Twenty years have passed since the events of Serenity shifted the Firefly universe into a new direction. But it turns out that the timeline hasn’t changed all that much. In that time, Zöe Alleyne Washburne has taken command of the titular Serenity ship.
“Set 20 years after the events of Firefly, Serenity soars the ‘Verse once again with a new captain – Emma, the daughter of Wash and Zöe! The old crew of Serenity has gone their own way and now Emma is working to prove herself to Zoe. alongside a new crew of castaways and misfits just trying to stay afloat. But when Serenity takes a job from a familiar face, they discover their new, living, breathing cargo is far more than they bargained for… and might bring them into conflict with Alliance once again!”
Boom! Studios returns to the world of Firefly in a brand new limited series, Firefly: Brand New Verse, and a fresh preview spotlights new characters.
What I realized after watching the movie though was most of my memories of the show itself had been replaced by ones from the movie. On the show, River is a mystery and a bit of an annoyance, save for one or two moments. In the movie, she’s not just the star, she’s an unstoppable force – the badass she was surely planned to be all along, which is how I remembered her. The Reavers; the main villains of the film, are only mentioned in the show a few times and seen once, which clashes with my strong memory of them. And that hat Jayne wears, the one you are guaranteed to see at any comic book convention, is only in the TV show for a few scenes, and even less in the movie. If it never became a “thing” in fandom, you probably wouldn’t even remember it.
Firefly #24 is set in a nebulous point in time, where the crew is still together (and alive), yet the Alliance seems to be out of the way, or at least not as strong as they have previously been. Unfortunately, that left a void that Blue Sun Corporation stepped into. There’s a new big bad here, and they’re just as bad if not worse.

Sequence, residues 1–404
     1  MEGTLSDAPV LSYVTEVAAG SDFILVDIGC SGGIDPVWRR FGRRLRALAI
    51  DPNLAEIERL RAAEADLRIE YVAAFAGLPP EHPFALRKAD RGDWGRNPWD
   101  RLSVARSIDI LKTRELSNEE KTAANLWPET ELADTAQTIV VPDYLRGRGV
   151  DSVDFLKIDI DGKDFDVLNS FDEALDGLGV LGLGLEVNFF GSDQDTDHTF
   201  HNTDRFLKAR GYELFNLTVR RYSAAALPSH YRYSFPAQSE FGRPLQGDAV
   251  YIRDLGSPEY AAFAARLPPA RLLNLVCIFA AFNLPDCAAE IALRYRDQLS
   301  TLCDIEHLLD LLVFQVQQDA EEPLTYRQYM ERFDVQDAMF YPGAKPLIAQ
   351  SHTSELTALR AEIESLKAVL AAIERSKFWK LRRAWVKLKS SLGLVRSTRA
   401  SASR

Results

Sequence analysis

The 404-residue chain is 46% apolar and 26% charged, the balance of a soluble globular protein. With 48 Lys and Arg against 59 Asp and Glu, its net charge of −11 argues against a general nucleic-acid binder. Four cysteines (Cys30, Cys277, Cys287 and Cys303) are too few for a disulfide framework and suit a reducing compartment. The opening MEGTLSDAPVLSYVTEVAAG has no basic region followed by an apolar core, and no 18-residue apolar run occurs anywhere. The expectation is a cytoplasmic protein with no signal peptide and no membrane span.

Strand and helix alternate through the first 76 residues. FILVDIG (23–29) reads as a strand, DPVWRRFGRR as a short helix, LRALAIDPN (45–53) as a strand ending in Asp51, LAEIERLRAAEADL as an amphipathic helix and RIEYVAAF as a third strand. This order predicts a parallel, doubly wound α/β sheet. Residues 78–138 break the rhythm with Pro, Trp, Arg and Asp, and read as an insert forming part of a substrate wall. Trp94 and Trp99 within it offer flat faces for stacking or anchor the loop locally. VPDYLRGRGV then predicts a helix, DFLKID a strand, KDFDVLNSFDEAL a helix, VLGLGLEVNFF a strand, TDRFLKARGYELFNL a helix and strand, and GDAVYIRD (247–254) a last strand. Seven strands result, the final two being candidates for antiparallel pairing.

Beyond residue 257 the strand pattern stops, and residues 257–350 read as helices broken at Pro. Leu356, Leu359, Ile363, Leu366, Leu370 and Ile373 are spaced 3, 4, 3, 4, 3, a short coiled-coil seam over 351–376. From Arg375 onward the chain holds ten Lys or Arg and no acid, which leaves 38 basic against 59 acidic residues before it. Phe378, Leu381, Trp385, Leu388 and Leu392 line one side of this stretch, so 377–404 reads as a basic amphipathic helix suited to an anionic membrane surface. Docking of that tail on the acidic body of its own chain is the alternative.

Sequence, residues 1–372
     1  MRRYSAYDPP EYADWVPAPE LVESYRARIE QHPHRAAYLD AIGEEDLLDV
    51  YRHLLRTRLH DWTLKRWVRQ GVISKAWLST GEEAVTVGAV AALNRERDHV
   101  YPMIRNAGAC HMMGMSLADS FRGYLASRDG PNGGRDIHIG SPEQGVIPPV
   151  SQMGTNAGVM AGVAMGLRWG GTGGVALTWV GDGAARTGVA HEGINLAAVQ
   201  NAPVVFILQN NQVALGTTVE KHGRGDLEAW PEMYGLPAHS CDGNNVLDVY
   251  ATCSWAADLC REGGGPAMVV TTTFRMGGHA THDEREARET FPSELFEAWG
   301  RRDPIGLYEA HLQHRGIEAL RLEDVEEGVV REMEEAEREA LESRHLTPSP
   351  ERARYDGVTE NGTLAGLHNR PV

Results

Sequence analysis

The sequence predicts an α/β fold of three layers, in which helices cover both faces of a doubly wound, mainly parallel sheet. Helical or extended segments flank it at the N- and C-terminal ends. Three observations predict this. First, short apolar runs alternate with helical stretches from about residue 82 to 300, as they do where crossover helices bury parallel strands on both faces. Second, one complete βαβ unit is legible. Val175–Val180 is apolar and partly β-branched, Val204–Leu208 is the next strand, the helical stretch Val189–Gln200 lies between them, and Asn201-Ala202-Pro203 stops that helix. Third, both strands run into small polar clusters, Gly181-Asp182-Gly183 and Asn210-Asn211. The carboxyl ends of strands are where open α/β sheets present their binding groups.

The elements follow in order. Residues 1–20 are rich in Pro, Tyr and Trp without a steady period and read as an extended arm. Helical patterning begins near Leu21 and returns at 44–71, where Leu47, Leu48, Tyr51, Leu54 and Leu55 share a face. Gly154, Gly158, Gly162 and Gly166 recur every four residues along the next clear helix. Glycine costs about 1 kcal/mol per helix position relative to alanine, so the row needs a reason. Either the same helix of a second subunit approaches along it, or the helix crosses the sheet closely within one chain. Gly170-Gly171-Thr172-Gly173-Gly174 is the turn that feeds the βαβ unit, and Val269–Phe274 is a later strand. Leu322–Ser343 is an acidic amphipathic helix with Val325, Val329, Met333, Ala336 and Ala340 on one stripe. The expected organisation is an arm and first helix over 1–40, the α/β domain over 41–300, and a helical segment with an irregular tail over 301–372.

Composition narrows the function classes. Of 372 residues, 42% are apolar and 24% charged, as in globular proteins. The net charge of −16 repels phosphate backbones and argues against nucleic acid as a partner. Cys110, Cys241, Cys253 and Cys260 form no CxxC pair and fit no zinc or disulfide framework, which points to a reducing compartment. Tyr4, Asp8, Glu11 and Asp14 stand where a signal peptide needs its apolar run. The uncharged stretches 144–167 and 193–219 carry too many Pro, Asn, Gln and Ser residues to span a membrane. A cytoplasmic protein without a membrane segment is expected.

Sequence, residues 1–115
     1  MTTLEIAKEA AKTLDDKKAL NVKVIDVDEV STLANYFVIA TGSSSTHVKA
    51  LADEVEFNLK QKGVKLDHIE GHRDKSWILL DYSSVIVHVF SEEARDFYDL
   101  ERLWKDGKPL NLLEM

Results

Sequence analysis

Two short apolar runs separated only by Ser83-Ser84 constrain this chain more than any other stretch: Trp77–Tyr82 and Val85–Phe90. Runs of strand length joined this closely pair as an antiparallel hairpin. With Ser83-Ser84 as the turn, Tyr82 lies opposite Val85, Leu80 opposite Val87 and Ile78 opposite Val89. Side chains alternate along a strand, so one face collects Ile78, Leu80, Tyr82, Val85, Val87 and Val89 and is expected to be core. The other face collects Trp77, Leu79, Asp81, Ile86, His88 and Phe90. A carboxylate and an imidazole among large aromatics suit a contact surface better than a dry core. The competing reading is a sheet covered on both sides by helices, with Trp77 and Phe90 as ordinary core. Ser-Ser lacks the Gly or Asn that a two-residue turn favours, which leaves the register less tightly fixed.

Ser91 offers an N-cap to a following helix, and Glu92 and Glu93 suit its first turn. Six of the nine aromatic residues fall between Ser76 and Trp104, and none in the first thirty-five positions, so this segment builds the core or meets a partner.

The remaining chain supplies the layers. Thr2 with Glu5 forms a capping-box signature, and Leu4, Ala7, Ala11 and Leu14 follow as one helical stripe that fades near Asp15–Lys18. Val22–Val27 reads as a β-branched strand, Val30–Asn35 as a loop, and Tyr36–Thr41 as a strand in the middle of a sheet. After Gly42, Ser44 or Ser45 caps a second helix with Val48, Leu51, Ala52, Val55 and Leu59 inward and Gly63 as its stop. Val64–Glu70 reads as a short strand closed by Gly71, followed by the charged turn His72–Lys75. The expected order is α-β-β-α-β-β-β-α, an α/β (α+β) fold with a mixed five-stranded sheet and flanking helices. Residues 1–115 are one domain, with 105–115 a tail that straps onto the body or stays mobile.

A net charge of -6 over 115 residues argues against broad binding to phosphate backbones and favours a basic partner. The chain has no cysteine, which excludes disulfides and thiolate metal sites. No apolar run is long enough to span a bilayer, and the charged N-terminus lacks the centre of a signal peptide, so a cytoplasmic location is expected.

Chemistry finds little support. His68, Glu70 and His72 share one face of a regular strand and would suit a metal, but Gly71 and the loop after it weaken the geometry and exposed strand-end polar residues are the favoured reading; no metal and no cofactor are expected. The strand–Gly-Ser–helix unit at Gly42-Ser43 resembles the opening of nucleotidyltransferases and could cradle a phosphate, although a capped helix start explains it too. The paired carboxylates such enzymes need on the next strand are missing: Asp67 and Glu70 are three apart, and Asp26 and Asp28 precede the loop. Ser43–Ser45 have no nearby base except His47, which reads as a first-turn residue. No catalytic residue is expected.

The plot also raises some reasonable questions about ethics, Mal’s character (and method of getting things done), and the concept of following the letter of the law (as opposed to the intent). These are all good debates to bring up, and could arguably result in some interesting conversations among fans.
Written by Greg Pak, Firefly #21 is not an issue afraid of taking risks. There are certainly plenty of those. Unfortunately, it also kind of feels like the series has finally started jumping the shark. The latest threat introduced feels… out of place in this world
Blue Sun Rising, in some respects, is a little depressing for those of us Firefly purists. The ‘Verse got worse. BS bots not only have our favorite crew in their crosshairs, but they’re primed to erase the fine line between the corporation and the law. Look no further than a bot’s attempt to gun down a fleeing child because she stole some fruit. Mal, of course, intervenes, planting the seeds for Mal’s inevitable misbehavior.
On the whole, the change of focus for this issue was appreciated and is starting to give back the hope that we might just see the crew back together. It may not be in the next issue, but it’s certainly on the horizon.
Once upon a time, Malcolm Reynolds ran a crew, all as loyal as can be. Well, they were mostly loyal. Now that crew has been spread throughout the stars, and Mal has taken up a new job in life. It’s perhaps the least likely job ever for this particular character